Penn State University hired Louis Freeh last November to lead an independent investigation of the alleged failure of Penn State personnel to respond to Jerry Sandusky’s sexual abuse of children. Freeh released his 267 page report today, and it is devastating not only to university administrators but also to Joe Paterno himself. Freeh’s report confirms what we already knew about the cover-up. But it also says that Paterno knew about the sex-abuse allegations as far back as 1998 and that he followed the official investigation of those allegations very closely. Here are two excerpts from the report that get to the heart of it:
The most saddening finding by the Special investigative Counsel is the total and consistent disregard by the most senior leaders at Penn State for the safety and welfare of Sandusky’s child victims. As the Grand Jury similarly noted in its presentment, there was no “attempt to investigate, to identify Victim 2, or to protect that child or any others from similar conduct except as related to preventing its re-occurrence on University property.” [page 14]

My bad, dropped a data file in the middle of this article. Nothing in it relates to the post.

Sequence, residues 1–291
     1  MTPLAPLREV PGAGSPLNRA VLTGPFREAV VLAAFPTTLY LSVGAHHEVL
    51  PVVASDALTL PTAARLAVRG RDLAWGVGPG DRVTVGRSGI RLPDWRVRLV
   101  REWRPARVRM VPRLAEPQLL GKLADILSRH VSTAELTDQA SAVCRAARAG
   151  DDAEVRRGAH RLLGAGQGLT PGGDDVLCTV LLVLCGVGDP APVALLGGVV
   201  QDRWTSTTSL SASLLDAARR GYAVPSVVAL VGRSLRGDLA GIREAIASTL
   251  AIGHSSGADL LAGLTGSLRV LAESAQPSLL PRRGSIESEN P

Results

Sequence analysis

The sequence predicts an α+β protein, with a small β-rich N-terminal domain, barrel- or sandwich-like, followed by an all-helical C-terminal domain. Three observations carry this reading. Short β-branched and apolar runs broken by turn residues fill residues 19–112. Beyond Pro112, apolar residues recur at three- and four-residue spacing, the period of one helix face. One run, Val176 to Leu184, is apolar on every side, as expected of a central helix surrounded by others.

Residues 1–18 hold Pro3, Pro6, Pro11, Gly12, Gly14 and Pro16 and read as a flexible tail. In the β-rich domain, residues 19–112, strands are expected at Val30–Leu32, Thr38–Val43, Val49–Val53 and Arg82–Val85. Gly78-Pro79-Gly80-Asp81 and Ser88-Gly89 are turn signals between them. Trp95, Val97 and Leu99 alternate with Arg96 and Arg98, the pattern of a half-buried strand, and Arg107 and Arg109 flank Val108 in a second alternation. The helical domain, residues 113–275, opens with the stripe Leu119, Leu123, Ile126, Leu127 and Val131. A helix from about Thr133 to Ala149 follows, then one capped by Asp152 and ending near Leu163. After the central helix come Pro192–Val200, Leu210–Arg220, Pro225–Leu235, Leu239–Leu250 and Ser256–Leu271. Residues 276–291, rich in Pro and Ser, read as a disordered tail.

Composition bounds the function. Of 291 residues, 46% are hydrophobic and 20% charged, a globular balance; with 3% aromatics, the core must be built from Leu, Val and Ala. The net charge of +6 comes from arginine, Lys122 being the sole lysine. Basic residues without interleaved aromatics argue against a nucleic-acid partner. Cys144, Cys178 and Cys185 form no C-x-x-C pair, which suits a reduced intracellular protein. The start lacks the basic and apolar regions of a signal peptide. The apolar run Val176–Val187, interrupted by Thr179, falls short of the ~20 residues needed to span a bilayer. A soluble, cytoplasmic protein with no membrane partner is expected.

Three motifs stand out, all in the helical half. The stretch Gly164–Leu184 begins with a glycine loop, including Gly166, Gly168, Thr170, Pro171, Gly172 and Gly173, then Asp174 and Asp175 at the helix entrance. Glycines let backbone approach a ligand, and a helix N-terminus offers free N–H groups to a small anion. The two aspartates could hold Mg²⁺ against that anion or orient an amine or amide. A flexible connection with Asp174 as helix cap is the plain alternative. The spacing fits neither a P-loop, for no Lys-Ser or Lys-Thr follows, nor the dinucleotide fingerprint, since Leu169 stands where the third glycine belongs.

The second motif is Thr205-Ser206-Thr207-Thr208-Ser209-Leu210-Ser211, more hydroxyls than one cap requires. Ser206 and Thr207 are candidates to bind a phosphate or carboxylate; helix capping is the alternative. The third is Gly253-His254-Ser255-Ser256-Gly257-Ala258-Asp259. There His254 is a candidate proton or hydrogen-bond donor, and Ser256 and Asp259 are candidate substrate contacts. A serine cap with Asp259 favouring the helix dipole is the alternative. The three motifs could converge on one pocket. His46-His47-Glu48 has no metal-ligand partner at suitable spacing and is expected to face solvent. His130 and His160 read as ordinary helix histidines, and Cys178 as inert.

In order to avoid the consequences of bad publicity, the most powerful leaders at the University – Spanier, Schultz, Paterno and Curley – repeatedly concealed critical facts relating to Sandusky’s child abuse from the authorities, the University’s Board of Trustees, the Penn State commtmity, and the public at large. [page 16]
Like almost everyone else, I’ve been dismayed by the unfolding scandal at Penn State over the last seven months. Like almost everyone else, I came into it as a great admirer of Joe Paterno. His contribution to his players, to his community, and to college football have been enormous. Yet for all that, his legacy has been totally eclipsed by this enormous failure. There’s no changing that now.
In a letter that Paterno wrote just before he died, he claims that the Sandusky affair is not a “football scandal.” I disagree. It was the worship of Penn State’s football program that enabled Sandusky to groom his victims and that prompted the administration to cover up his crimes. The most powerful administrators on campus—including Paterno—tried to protect the football program by concealing Sandusky’s sexual assaults. If that’s not a football scandal, I don’t know what is.
Here are two great articles on the legacy of Joe Paterno from a Christian perspective:
Here’s Bob Costas’ response to Freeh’s report: